What happened in the base metals space this week? Here’s a look at the top stories covered by the Investing News Network.
Though some base metals made major gains through the week, all of them came to a simmer by the end of the period.
Nickel made progress this week as it climbed from Monday’s (August 12) price point of US$15,630 per tonne to a peak of US$16,045 by Wednesday (August 14). Thursday (August 15) saw the red hot commodity take a breather, however, as prices on the London Metal Exchange (LME) fell to US$15,985.
Also hitting its weekly high on Wednesday was zinc, which started the week at US$2,238 per tonne to later peak at US$2,268.50. By Thursday, the metal had dipped to US$2,260 on the LME.
Taking a nosedive straight away this week was lead, as it peaked on Monday with a price of US$2,103 per tonne. The commodity then fell to US$2,043 on Tuesday (August 13), setting the pace for the metal’s week ahead; it closed at the same price on Thursday.
Meanwhile, copper kept things lively this week as it zigzagged between highs and lows. The red metal continuously flipped between being above and below the US$5,700 per tonne mark, going on to peak at US$5,731 on Wednesday. The metal then fell to US$5,696 by Thursday.
Continuing their cooldown, iron ore prices hovered around the US$95 per tonne mark this week. However, the commodity hit a snag on Friday (August 16) as it fell to US$91.61 as of 1:00 a.m. EDT.
Top base metals news stories
A new report from Wood Mackenzie estimates that copper consumption is set to rise over 250 percent by 2030 with the implementation of 20 million electric vehicle (EV) charging points.
As the EV movement heats up, production of the commodities needed for their batteries and other components is also on the rise. This includes copper and metals like nickel and cobalt; as such, companies involved with the metals are getting their ducks in a row before demand goes off the charts.
According to Henry Salisbury, a research analyst at Wood Mackenzie, copper is set to be the “cornerstone” of the EV revolution.
Nickel Mines (ASX:NIC) has successfully boosted its stake in the Ranger nickel project in Indonesia from 17 percent to a whopping majority share at 60 percent.
In an announcement released Thursday, Nickel Mines referred to the boost as the “second acquisition” of Ranger. According to the company, it exercised its option to increase its stake in the project within 60 days of first nickel pig iron (NPI) production.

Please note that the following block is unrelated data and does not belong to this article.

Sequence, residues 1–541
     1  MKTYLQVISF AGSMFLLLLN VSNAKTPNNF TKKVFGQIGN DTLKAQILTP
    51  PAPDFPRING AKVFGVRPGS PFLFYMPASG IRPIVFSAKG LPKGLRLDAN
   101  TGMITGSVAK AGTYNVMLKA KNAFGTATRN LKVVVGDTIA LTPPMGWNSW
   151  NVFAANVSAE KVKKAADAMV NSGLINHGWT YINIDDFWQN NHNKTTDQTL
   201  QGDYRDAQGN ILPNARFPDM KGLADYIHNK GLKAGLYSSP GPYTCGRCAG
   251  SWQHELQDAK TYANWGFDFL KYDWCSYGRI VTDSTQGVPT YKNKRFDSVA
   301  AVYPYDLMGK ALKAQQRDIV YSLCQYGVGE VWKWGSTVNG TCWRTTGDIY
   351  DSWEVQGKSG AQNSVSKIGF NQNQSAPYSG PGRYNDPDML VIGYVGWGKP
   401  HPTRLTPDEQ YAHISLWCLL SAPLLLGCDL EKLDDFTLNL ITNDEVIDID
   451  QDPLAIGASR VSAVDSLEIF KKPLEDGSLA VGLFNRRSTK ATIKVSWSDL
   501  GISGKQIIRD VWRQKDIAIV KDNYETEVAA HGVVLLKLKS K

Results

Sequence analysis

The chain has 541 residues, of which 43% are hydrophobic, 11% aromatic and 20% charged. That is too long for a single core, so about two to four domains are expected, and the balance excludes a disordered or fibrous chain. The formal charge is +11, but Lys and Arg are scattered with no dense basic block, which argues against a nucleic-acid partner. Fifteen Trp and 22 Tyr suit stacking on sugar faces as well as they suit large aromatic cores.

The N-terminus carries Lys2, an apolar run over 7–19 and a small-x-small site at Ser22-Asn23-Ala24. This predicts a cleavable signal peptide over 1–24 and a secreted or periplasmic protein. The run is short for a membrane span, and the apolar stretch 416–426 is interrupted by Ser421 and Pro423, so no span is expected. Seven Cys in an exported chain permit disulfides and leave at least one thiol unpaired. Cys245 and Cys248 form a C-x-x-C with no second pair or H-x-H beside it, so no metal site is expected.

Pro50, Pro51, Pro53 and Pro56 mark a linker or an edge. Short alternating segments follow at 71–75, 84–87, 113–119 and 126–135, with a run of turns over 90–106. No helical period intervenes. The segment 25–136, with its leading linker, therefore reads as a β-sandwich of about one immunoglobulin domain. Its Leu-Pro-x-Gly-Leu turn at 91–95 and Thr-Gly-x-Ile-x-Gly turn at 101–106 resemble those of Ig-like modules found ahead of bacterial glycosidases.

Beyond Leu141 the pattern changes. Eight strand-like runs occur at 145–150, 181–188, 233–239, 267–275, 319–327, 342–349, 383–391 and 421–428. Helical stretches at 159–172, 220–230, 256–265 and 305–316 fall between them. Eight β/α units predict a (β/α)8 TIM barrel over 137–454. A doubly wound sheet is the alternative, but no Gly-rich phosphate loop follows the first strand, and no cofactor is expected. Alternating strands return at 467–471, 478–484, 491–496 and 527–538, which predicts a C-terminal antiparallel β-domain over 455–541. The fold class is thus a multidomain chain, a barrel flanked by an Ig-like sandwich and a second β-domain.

In early June, the company marked first NPI production at Ranger off its to do list in a maiden production run of one of the project’s two rotary kilns.
Across the measured and indicated categories, Serra do Tapa’s resource stands at 70.3 million tonnes grading 1.22 percent nickel. Alongside the company’s Araguaia and Vermelho projects, also in Brazil, Horizonte now has a total measured and indicated mineral resource of 280 million tonnes.
Of that amount, 3.5 million tonnes are contained nickel and 155,000 tonnes are contained cobalt. With Serra do Tapa, Horizonte’s aggregate mineral resource has risen by 30 percent in tonnage.
Also in the news
Ivanhoe Mines (TSX:IVN) has successfully completed a C$612 million investment from CITIC Metal Africa. The company is now in a position to fully fund its share the money that will bring the Kakula copper mine in the Democratic Republic of Congo to commercial production.
Also closing deals this week was Imperial Metals (TSX:III), which has now officially sold a 70 percent interest in the Red Chris copper-gold mine to Newcrest Mining (ASX:NCM). Located in British Columbia, Canada, the deal went for a hefty US$804 million; the two are now working as joint venture partners with Imperial having retained a 30 percent stake.
Don’t forget to follow us @INN_Resource for real-time updates!
Securities Disclosure: I, Olivia Da Silva, hold no direct investment interest in any company mentioned in this article.